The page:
Schumer said that he is pushing his colleagues in Congress to re-instate this important benefit for New York teachers and make it retroactive to cover the year 2014 under the EXPIRE Act. If this tax extenders package is passed, Schumer said, teachers would be able to claim tax deductions for school supplies for the year 2014 and for the upcoming school year in 2015. Schumer said that this deduction needs to be extended before January 1st, during the Lame Duck session of Congress, or teachers could be forced to wait until 2016 before the Teacher Expense Deduction is re-instated. The EXPIRE Act received bipartisan approval in the Senate Finance Committee. Nearly every year Congress passes this type of bipartisan package extending tax provisions that are scheduled to expire or have already expired. However, it has failed to do so since 2013.  Schumer is pushing for this legislation to be passed in the next six weeks. There has been some opposition in Washington to doing such a package, but today Schumer said that teachers across Upstate New York and Long Island should not have to wait. He said the EXPIRE Act, including the Teacher Expense Deduction, must be passed this year.

“Teachers routinely dig deep in their own pockets, spending hundreds of dollars per year to pay for supplies and materials their kids need,” said Randi Weingarten, President of the American Federation of Teachers. “Many of these supplies, like books and paper, even coats and food, should be provided by schools but aren’t, because of ongoing austerity and budget cuts. This bill will continue to give teachers a much-needed tax deduction to offset some of the costs teachers incur to pay for their students’ education.”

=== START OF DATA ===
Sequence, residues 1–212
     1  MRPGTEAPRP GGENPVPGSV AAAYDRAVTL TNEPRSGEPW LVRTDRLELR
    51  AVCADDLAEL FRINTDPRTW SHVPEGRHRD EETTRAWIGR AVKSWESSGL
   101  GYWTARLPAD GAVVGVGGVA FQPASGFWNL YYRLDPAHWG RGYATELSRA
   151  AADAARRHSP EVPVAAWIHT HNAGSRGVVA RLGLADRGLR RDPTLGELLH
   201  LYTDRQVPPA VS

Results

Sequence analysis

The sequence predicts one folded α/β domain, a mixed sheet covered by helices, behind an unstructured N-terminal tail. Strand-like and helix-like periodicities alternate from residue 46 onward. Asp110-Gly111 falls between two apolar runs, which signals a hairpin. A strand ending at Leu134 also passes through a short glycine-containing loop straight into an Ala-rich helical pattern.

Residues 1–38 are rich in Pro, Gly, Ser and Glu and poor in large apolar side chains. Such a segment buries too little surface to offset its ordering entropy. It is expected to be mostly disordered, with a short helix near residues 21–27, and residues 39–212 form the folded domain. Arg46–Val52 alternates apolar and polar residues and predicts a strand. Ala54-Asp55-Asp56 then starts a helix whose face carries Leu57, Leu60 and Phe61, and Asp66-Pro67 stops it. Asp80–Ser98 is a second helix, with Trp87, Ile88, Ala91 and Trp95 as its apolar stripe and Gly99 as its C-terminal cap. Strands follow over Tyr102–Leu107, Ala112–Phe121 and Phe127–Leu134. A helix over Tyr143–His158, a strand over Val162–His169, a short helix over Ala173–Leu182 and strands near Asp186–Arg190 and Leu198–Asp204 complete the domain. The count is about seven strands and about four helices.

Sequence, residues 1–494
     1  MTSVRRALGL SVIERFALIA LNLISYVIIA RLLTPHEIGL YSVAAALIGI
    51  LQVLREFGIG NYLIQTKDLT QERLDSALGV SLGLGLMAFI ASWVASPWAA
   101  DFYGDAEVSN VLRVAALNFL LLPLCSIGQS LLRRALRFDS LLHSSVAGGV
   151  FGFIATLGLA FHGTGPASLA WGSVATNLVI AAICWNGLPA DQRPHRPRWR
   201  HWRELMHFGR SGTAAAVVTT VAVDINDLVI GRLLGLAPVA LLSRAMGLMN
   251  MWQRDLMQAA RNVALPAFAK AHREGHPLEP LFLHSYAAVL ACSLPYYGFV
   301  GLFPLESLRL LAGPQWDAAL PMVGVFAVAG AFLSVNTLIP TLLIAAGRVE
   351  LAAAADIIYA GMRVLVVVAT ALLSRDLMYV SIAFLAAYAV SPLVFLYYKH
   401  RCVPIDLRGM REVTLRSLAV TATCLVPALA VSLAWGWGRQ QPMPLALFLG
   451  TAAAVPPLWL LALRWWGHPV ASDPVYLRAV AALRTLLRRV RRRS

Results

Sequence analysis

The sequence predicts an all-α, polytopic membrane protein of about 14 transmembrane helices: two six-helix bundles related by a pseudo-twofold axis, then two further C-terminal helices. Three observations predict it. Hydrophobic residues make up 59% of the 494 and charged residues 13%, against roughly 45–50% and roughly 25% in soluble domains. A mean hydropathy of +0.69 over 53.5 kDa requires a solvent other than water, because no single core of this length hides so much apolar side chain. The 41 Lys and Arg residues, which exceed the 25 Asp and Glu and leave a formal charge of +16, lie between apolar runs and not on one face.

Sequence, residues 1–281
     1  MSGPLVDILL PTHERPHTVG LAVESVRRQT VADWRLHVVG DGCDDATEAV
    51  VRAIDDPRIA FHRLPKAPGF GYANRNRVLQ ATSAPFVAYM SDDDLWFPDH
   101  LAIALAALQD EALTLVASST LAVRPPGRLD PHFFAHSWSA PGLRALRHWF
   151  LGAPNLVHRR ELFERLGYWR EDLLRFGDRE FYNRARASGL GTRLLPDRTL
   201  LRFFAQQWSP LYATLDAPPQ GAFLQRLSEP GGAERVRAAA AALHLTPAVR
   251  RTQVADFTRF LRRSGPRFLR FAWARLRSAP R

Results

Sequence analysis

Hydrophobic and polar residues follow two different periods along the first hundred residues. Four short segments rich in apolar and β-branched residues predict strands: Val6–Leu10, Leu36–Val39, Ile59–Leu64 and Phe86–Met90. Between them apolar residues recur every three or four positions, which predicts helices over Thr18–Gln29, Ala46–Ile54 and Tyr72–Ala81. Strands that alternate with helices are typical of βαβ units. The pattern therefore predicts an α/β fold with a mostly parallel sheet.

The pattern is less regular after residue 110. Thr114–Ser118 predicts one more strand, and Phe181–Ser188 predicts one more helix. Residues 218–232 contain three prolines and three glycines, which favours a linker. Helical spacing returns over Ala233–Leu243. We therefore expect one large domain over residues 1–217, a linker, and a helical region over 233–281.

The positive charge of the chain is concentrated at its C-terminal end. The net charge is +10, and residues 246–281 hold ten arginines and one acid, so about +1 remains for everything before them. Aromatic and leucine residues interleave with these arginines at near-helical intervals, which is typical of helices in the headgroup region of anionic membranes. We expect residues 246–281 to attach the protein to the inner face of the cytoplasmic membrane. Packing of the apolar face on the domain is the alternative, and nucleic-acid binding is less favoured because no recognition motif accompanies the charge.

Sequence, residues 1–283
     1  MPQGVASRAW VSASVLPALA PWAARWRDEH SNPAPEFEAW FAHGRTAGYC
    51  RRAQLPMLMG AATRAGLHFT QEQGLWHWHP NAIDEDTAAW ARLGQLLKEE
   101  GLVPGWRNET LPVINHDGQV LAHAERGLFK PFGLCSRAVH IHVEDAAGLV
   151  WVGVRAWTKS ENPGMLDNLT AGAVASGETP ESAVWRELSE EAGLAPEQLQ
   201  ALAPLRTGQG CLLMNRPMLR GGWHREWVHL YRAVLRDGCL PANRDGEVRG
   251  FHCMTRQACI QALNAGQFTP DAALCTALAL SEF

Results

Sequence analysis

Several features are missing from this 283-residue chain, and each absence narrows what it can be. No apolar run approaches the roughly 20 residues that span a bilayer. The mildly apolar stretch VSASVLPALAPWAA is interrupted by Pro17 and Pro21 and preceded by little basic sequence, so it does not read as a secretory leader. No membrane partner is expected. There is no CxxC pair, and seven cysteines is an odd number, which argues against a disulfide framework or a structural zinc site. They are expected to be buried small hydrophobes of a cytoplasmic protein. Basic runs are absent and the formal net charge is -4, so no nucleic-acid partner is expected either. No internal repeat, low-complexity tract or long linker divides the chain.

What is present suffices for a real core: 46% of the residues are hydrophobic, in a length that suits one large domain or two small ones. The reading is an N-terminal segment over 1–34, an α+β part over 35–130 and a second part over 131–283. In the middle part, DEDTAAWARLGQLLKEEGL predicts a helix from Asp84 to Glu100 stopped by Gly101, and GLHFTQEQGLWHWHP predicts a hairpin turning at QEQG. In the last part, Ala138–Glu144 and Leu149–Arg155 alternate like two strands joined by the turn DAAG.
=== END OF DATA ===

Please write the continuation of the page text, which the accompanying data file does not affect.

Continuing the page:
During the call, Schumer provided the number of teachers that this benefit could help, as well as the amount of money they could deduct. Specifically, the 139,420 teachers throughout Upstate New York and Long Island would be able to deduct a total of $34,855,000:

·         In the Capital Region, 13,180 teachers would be able to deduct up to $3,295,000.

·         In Central New York, 12,958 teachers would be able to deduct up to $3,239,500.

·         In Western New York, 15,672 teachers would be able to deduct up to $3,918,000.

·         In the Rochester-Finger Lakes Region, 15,902 teachers would be able to deduct up to $3,975,500.

·         In the Southern Tier, 9,683 teachers would be able to deduct up to $2,420,750.

·         In the Hudson Valley, 27,652 teachers would be able to deduct up to $6,913,000.

·         In the North Country, 7,152 teachers would be able to deduct up to $1,788,000.

·         On Long Island, 37,221 teachers would be able to deduct up to $9,305,250.